1. Why Create a Limited Liability Company?
2. How to Create a Limited Liability Company
3. What Does the Article of Organization Include?
4. Filing Your Article of Organization

The Article of Organization for LLC is a single document you file with whichever agency handles business registrations in your state. It essentially documents what your limited liability company is and what it does.

By filing an Article of Organization document, you are letting your state know your limited liability company exists. Once you have filed your Article of Organization, the state recognizes your company as a registered business entity.

Many states require only an Article of Organization for you to create a limited liability company.

Why Create a Limited Liability Company?

There are a number of benefits to creating a limited liability company. These include:

  • Protection of members' personal assets (i.e., limited liability).
  • Members pay income tax only on the company's earnings.
  • The company has greater credibility with partners, vendors, and customers.
  • Greater flexibility with regard to management structure.

How to Create a Limited Liability Company

There are a number of steps you need to complete in order to create a limited liability company. You need to:

  • Apply for an Employer Identification Number. This enables you to open a bank account, get a business license, and file tax returns.
  • Write an Operating Agreement. The Operating Agreement is where the owners and members of the company spell out the members' rights and obligations. It also documents how the company will operate, who the members are, and how they will administer it financially.
  • Open a bank account. You can only do this once you have your Employer Identification Number and an Operating Agreement that designates who has signing authority.
  • Apply for a business license. This is usually necessary to conduct business legally in a particular jurisdiction.
  • Do business. File your annual renewal with the secretary of state to maintain your limited liability company. Also, keep your Operating Agreement up-to-date as you add members or modify the way you do business.

A critical part of creating a limited liability company is writing and filing your Article of Organization document with your state.

What Does the Article of Organization Include?

The Article of Organization document does not need to be in-depth or complex. You can find forms online to help you create your Article of Organization document fairly quickly. Use these so you do not need to create the document from scratch. Check your secretary of state's website for more information. Alternatively, you can hire a lawyer to draft your Article of Organization.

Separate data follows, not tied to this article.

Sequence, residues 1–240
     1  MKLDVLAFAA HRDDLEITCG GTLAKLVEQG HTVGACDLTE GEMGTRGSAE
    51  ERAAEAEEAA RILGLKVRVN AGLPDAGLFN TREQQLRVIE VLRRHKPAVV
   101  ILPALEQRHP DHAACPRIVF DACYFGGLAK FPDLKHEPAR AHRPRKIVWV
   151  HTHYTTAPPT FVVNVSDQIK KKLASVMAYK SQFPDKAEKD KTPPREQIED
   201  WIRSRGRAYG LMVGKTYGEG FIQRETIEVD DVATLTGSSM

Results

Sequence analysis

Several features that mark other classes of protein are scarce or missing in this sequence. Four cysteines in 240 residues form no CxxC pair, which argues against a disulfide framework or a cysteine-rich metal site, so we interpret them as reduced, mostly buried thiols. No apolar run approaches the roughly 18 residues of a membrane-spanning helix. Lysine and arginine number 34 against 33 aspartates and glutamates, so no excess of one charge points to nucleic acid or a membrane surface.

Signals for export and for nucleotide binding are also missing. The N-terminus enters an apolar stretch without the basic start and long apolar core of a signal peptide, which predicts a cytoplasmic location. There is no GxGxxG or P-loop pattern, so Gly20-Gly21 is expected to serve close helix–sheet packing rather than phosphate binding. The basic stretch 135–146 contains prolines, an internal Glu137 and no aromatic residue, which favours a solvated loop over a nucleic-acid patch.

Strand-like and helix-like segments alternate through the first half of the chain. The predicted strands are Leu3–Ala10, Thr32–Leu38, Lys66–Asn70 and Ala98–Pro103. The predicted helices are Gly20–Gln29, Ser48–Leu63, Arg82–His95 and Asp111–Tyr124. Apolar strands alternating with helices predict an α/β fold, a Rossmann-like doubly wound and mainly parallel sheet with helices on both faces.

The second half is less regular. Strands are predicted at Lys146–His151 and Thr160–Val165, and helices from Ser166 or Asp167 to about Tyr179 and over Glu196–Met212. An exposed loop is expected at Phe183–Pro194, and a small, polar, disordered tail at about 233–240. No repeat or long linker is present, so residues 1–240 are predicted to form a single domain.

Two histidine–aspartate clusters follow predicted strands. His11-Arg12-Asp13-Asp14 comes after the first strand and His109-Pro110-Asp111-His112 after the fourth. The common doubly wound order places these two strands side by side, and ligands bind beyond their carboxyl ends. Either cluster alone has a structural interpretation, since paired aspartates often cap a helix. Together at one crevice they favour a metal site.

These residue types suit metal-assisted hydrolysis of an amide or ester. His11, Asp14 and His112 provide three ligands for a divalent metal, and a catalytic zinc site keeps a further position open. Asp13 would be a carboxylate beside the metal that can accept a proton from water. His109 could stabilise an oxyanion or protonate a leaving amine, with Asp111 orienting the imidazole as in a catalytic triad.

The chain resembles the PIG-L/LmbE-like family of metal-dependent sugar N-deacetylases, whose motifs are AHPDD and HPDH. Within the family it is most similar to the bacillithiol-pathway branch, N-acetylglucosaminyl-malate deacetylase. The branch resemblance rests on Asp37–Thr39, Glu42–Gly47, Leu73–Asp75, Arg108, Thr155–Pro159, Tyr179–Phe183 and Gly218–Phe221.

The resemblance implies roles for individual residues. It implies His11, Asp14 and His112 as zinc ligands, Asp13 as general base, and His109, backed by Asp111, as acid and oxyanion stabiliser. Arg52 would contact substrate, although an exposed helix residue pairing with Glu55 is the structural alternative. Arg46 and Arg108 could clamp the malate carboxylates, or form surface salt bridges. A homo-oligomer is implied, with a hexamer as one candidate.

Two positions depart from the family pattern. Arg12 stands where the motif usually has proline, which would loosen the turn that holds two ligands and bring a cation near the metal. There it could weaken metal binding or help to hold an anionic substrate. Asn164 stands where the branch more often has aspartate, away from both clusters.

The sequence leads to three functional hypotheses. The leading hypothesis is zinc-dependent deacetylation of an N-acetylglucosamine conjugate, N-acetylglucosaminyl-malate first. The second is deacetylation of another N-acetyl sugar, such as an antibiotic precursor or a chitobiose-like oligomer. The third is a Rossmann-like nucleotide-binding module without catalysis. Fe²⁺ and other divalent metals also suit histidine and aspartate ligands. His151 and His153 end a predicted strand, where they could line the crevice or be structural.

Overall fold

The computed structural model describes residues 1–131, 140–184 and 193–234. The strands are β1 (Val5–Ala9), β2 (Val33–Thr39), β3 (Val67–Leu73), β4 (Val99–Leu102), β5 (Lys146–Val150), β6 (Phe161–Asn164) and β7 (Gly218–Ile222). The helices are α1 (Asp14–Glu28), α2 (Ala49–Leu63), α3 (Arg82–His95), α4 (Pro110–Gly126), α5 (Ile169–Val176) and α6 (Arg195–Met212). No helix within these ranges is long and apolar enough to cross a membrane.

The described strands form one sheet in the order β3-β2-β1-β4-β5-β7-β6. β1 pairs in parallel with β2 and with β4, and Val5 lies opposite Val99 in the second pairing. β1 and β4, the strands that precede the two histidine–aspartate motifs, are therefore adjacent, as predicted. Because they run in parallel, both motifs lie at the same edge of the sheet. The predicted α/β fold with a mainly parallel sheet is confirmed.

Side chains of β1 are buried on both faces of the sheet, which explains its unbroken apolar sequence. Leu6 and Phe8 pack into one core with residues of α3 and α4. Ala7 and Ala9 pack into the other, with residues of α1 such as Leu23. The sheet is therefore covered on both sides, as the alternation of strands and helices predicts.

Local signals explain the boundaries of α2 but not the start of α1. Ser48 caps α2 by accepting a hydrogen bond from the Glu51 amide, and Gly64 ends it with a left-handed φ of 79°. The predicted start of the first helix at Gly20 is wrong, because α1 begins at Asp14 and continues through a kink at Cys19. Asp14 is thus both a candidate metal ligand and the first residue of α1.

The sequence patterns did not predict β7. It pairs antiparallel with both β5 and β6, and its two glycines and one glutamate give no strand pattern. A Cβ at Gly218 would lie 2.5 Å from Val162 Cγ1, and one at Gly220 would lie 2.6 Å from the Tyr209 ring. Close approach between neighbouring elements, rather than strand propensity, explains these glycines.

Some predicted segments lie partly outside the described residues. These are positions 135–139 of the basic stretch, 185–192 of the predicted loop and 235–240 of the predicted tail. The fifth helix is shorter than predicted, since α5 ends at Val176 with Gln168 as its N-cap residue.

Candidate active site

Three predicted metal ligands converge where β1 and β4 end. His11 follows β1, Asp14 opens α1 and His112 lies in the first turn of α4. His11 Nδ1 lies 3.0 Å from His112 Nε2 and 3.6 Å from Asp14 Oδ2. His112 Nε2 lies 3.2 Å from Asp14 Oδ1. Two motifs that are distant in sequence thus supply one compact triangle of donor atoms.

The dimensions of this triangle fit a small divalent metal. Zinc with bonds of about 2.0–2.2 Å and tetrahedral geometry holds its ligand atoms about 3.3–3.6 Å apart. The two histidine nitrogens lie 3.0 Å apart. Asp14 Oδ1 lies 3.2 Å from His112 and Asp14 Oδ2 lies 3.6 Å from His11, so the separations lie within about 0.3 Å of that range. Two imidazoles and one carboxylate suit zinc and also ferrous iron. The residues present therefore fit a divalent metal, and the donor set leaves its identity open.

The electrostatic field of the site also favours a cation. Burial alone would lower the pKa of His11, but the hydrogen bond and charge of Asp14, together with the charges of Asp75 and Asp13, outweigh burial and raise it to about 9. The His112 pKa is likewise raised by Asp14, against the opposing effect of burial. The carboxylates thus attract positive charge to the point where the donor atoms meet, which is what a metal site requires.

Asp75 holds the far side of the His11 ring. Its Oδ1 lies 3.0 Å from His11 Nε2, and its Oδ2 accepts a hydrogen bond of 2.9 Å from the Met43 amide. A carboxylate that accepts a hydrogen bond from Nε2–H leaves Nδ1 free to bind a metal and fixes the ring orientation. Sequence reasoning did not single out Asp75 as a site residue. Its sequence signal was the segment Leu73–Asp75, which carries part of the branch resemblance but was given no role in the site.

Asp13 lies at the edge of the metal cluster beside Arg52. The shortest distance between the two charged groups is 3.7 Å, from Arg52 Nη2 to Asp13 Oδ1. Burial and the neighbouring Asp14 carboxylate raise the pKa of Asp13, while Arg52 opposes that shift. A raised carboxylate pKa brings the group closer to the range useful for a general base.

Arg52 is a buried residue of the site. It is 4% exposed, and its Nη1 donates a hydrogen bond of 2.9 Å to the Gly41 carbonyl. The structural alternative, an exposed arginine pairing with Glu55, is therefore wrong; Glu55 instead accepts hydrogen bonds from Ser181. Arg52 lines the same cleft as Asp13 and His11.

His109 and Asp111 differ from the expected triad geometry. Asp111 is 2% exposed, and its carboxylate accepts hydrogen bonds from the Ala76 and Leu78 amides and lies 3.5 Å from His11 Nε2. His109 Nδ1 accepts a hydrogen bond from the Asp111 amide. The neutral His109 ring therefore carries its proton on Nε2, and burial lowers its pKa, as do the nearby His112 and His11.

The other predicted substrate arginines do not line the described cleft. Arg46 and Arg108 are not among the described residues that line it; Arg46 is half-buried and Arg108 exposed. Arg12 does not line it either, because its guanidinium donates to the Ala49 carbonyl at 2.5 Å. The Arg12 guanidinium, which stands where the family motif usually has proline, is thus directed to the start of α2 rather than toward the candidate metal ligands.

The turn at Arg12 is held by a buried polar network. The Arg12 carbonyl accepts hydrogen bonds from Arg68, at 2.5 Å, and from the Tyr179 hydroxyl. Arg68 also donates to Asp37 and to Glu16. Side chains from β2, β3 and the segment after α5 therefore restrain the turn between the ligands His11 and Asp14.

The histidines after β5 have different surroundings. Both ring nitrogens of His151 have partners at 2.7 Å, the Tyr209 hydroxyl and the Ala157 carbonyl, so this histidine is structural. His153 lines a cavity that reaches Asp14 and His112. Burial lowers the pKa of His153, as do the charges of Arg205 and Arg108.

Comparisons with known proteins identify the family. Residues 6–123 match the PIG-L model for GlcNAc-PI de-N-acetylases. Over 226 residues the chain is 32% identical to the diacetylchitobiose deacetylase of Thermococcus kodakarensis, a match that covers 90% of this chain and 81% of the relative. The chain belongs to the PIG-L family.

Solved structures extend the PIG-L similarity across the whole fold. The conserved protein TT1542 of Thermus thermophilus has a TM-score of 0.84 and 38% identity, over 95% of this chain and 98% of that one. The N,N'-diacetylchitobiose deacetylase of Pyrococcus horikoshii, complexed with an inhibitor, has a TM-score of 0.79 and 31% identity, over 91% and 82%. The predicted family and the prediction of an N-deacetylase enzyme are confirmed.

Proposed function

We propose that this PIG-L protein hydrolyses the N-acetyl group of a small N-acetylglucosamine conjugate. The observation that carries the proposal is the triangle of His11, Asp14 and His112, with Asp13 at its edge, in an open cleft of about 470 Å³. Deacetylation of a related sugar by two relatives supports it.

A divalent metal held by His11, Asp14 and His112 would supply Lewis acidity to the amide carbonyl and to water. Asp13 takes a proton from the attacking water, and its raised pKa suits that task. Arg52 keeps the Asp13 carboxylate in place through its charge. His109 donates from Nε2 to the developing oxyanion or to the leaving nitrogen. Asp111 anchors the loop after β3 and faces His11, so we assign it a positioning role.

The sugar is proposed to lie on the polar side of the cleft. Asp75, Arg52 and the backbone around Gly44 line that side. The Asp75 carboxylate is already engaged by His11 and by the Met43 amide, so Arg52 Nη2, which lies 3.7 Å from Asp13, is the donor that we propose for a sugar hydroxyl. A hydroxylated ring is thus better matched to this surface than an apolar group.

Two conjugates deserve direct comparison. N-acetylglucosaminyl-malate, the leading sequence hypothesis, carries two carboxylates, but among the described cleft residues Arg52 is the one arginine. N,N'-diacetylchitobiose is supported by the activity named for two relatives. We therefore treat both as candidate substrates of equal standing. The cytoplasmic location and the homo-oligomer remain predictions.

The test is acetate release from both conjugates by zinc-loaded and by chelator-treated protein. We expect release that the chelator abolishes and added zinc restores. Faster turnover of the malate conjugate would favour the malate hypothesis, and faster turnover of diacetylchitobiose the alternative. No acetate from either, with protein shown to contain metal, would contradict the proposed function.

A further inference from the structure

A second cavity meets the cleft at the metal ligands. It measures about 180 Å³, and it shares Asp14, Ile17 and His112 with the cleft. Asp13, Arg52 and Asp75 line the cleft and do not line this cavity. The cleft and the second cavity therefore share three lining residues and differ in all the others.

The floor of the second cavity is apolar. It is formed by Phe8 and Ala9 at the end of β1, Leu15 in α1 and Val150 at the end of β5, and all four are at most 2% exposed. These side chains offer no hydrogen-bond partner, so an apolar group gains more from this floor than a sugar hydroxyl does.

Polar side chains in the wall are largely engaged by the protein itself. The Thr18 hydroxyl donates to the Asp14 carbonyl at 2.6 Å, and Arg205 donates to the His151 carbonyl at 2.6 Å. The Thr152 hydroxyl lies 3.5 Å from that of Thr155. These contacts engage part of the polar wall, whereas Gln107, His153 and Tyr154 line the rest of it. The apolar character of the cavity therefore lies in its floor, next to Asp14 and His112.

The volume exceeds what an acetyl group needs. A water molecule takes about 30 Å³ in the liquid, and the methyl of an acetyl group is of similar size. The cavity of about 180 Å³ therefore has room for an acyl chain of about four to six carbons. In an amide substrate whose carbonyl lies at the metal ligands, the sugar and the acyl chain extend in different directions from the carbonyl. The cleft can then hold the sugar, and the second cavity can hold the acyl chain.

As long as your Article of Organization contains at least the following information, you should be able to file it without problem:

  • The name and address of your limited liability company.
  • The type of business, broadly speaking, in which your company engages.
  • The name and address of the agent you have authorized to handle physical documents on your behalf.
  • The current members and managers of your limited liability company.
  • The name of the person or persons who started the process of organization.

Before you file your company's Article of Organization with the state, make sure the company's organizers and managers sign it.

Filing Your Article of Organization

As soon as you have written and signed your Article of Organization, you need to file it with the appropriate state agency. This will be whichever agency deals with business registrations.

Note that the Article of Organization is different from your limited liability company's Operating Agreement. You have to file your Article of Organization, whereas you do not need to file your Operating Agreement.

Every state requires you to pay a filing fee for the Article of Organization. How much you pay depends upon the state in which you organized your company. The cost normally ranges from $100 to $200. Your state may let you file online and offer options for expedited filing.

If you file online, you will receive a confirmation notice at the email address you gave on the form. You will only receive notification when the relevant agency has approved your document. Online filings do not receive confirmations by regular mail. Should you file by regular mail, however, you will receive a confirmation notice at the mailing address you provided on the application.

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